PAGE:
OPEN HOUSES NOT TO BE MISSED
Essex county is rich with historical landmarks and notable architecture. Historic properties dot our coastline, telling the story of our farming and maritime heritage. Many of our clients are drawn to the wide pine floors, exquisite woodwork, and opportunity for restoration in some of the antique homes in Newburyport, Amesbury, and the surrounding area. Here are five of our favorite historically relevant properties to visit.
THE PINK HOUSE | PLUM ISLAND TURNPIKE, NEWBURYPORT
Perhaps the most recognizable and mysterious Newburyport property, The Pink House, sits alone on the salt marsh beside the Plum Island Turnpike. The notoriety of the Pink House comes from its unique color and the urban legend that accompanies it. As legend has it, amid a contentious divorce, the wife demands her husband build her a new house that looks exactly like their Newburyport home. However, she fails to specify the location, so her husband built it on the salt marsh out of spite. This story lends an air of mystery and intrigue to the house; however, there is no evidence that any of it is based on fact. Support the Pink House is an organization that has researched the house and raises money to support it. To learn more https://historynewburyport.com/the-pink-house/
SPENCER-PEIRCE-LITTLE FARM | 5 LITTLE’S LANE, NEWBURY
This 230- acre family-friendly National Historic Landmark is the site of an 1860 manor house and working farm. The original owner, John Spencer, was granted the 400-acre parcel as part of the area’s first settlement by the English. Eventually, it was sold to one of Newburyport’s wealthiest merchants, Nathaniel Tracy, and then operated as a working farm by the Little Family until 1986. Now Spencer Peirce is one of our most treasured family destinations, complete with acres of open farmland, live animals, and even vintage baseball. The farm is a central destination for everyone in the area. https://www.historicnewengland.org/property/spencer-peirce-little-farm/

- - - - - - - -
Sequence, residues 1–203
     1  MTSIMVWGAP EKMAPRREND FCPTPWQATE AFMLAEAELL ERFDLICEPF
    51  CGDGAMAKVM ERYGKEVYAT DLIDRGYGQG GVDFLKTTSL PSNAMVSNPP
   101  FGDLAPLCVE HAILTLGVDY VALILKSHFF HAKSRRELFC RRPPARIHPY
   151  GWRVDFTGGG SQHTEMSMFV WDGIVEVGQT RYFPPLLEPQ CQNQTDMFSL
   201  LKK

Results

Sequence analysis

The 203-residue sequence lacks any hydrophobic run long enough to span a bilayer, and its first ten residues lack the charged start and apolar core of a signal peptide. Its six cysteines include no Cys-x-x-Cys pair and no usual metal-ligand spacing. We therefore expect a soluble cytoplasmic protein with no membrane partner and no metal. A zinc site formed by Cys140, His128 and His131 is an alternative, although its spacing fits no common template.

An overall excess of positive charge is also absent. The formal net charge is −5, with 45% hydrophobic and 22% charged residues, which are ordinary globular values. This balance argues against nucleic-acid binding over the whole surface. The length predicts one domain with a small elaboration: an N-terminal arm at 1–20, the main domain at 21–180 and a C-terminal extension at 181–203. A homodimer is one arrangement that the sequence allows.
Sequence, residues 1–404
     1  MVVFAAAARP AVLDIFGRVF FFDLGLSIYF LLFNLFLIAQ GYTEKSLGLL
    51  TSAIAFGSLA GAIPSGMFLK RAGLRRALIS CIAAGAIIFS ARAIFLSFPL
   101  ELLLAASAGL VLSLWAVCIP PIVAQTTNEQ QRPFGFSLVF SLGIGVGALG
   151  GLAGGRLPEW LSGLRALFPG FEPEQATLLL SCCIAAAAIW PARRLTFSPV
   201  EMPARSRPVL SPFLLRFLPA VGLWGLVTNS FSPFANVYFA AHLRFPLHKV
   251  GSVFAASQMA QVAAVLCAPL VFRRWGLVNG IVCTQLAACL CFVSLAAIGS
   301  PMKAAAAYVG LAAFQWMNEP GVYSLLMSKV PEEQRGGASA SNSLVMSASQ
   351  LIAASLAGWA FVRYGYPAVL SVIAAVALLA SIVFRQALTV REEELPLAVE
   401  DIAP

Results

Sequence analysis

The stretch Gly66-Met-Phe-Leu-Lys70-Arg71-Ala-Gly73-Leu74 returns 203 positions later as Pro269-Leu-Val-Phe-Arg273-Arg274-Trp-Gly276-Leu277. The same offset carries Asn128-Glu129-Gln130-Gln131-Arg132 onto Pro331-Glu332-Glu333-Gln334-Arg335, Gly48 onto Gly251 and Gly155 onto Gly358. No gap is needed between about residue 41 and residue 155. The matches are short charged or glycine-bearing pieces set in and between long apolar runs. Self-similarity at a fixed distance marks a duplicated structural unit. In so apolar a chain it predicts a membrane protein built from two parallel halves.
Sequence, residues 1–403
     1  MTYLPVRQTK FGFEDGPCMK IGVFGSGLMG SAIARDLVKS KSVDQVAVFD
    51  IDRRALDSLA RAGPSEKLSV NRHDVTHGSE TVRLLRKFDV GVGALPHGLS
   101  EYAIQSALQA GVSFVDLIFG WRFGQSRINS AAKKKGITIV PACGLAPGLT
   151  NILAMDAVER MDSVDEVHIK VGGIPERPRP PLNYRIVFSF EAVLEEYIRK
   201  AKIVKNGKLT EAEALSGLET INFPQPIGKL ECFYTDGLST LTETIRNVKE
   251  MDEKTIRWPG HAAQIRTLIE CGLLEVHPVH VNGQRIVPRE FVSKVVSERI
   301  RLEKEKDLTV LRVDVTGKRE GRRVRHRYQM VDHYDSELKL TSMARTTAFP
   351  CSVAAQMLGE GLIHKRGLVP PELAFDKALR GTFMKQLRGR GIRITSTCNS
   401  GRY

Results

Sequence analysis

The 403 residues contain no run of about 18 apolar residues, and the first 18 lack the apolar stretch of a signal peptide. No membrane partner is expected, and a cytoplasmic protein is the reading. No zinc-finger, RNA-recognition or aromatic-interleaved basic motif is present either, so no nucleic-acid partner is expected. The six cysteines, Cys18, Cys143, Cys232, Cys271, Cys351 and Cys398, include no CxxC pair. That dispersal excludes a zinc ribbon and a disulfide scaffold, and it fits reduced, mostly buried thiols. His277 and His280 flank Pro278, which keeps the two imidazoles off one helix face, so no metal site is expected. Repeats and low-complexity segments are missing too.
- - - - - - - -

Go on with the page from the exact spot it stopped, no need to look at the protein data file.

THE ROCKY HILL MEETING HOUSE | 4 OLD PORTSMOUTH ROAD, AMESBURY
The exquisitely preserved Rocky Hill Meeting House showcases the best of eighteenth-century meeting house design. The meeting house’s unspoiled state is partly because no active congregation has met in the building since the mid-nineteenth century. The intricate eighteenth-century details like the original hardware, a marbleized pulpit, and pillars make this an architectural treasure. The Rocky Hill Meeting House has a long history of importance, not the least of which is that George Washington paused here to greet the townspeople on his northward journey in 1789. https://www.historicnewengland.org/property/rocky-hill-meeting-house/
COFFIN HOUSE | 14 HIGH ST, NEWBURY
Built in 1678 and owned by the Coffin family for over 300 years, the Coffin House was originally a tiny two-room structure. Additions were made as the family expanded throughout generations. The Coffin family gifted the home to Historic New England in 1929, and it has been a museum ever since. After your tour, cross the street to view the First Parish Burying Ground, where many members of the Coffin family are buried. https://www.historicnewengland.org/property/coffin-house/
MACY-COLBY HOUSE| 257 MAIN ST. AMESBURY MA
Built by Thomas Macy in 1649, the Macy-Colby house was sold to Anthony Colby in 1654. Macy was Amesbury’s first town clerk. After leaving Amesbury in 1659, he became the first English settler to take up permanent residence on Nantucket. Anthony Colby was one of Amesbury’s first settlers. Nine generations of Colby’s lived in the house. Colby descendants owned the property for 245 years until they donated it to the Bartlett cemetery association as a memorial to the Colby and Macy families and the people of Amesbury. https://www.macycolbyhouse.org
The Northshore is known for its idyllic beaches and unapparelled natural beauty. We are so fortunate to also enjoy a rich history with treasured museums and historic homes to visit.